The Ukraine Crisis marked its four year anniversary this past December. The crisis began on the Maidan Square in late November 2013 and escalated throughout December following the decision of Ukrainian President Viktor Yanukovych not to sign the Association Agreement with the EU and to instead move towards a closer economic partnership with Russia.
The impact of the Maidan revolt on Yanukovych’s pro-Russia policy led not only to the eventual installation of a more pro-Western (EU and NATO) government led by President Petro Poroshenko, but also to a counter-reaction amongst the more Russophile eastern oblasts in the Donbass. This counter-reaction was supported by Russia and included military assistance to the Ukrainian rebels in the Donbass, as well the direct seizure of Crimea by Russian military forces in February of 2014.
By February of 2015, the fighting in the breakaway Donbass region was stabilized by a cease-fire of sorts. Known as the Minsk 2 process and signed by Ukraine, Russia, France and Germany, the process established a line of demarcation and a rough roadmap to a peaceful resolution of the conflict in the Donbass. The matter of Crimea was not included and remains a matter for alternate diplomatic means and channels.
De facto, the Ukrainian Crisis has become a ‘frozen’ conflict. After four years, it is important on this anniversary to take stock of the political dividing line and to ponder whether a political resolution may be found on the horizon.
The Ukrainian government today is more adamant than ever in its pursuit of a policy of greater integration with the EU and NATO. A key tenet of this policy is to undertake reforms to satisfy NATO standards by 2020. There has been no political appetite in Kyiv to legislate constitution reform in Ukraine aimed at providing greater autonomy for the Donetsk and Luhansk oblasts, as agreed to in the Minsk 2 measures.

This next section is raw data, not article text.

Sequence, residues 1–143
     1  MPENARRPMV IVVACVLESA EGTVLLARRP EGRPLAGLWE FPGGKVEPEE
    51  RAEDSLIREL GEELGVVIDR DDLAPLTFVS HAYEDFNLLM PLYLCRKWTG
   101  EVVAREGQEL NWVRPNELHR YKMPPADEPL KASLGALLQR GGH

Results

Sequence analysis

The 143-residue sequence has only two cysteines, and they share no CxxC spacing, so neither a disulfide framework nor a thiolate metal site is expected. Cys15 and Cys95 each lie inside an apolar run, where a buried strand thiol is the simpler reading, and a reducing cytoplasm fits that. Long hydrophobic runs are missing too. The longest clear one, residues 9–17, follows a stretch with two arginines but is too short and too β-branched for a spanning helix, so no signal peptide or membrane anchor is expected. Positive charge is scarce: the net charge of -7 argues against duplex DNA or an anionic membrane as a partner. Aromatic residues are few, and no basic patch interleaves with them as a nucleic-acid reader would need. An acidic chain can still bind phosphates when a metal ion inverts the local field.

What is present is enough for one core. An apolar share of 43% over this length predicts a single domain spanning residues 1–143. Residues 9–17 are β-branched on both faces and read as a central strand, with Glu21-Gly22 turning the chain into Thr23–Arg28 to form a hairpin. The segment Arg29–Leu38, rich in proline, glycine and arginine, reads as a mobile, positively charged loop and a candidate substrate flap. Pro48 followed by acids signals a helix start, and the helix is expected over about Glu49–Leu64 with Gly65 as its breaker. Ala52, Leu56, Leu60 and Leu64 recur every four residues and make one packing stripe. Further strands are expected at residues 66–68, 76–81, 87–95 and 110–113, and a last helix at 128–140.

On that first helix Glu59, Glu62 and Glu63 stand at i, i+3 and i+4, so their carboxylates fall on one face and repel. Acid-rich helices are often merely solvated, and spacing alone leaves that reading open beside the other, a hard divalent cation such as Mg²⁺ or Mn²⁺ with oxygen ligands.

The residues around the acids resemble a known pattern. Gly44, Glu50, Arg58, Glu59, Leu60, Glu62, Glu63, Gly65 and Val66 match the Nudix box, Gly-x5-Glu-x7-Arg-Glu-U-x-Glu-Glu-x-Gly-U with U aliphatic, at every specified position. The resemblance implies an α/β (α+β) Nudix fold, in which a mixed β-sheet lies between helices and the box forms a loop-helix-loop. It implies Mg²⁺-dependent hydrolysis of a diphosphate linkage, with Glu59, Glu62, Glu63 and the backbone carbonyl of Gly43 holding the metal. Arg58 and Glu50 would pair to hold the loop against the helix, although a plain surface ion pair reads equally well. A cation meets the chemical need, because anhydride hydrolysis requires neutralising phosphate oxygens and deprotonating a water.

The Russian position is that without the necessary Ukrainian constitutional reform to facilitate the elections, restoration of Ukrainian control over the rebel-held territories remains in abeyance. Recent Russian and Ukrainian proposals for the deployment of peacekeeping forces in the conflict zone, while different in their approaches, remain technical and tactical elements of the larger political standoff between Ukraine and Russia.
Are there any prospects for a political resolution to the Ukraine Crisis, or are we to witness yet another long-standing frozen conflict along the periphery of what was once the Soviet Union?
Returning to the political origin of the conflict, the only plausible political solution must address the position of Ukraine between Russia and the West. Simply put, the Ukrainian government wants to join the EU and NATO. The Russian government, which has seen NATO expand up to what it considers to be traditional and historical Russian lands, will not accept the Ukrainian objective. Russia has used direct military force in Crimea and provided direct military assistance to the Ukrainian rebels in the Donbass to make its political point in Clausewitzean terms.
The West has responded to Russia by imposing economic sanctions and providing Ukraine with billions of dollars in aid to fight corruption and implement badly-needed reforms and governance across the spectrum of Ukrainian government and society.
The bottom line is that the Western response — including the sanctions — has not changed Russia’s political objective of keeping the EU and NATO Alliance expansion plans at bay in the context of Ukraine. Neither side demonstrates a willingness to make political adjustments to their political calculus and objectives. Frozen conflict appears to be the foreseeable status quo.
There may, however, be a political solution that — after much hand-wringing on both sides — would allow Ukraine to achieve a modified political objective which protects its fundamental interest of reform and expansion of economic trade options. For Russia, it also would provide the basis for enhanced economic opportunities while respecting its sense of national security interests.
The solution that deserves serious exploration as an alternative to frozen conflict is one that facilitates for Ukraine open trading relationships with both the EU and the Eurasian Economic Union (EEU). A political compromise that opens doors for Ukraine to both East and West may offer all sides tangible and realizable benefits, including that of peaceful settlement to the Ukraine Crisis.
Andrew Rasiulis is a retired public servant and a Fellow with the Canadian Global Affairs Institute.
This is a cross-post from iPolitics with permission of the author.
Featured image courtesy of Sasha Maksymenko on Flickr Creative Commons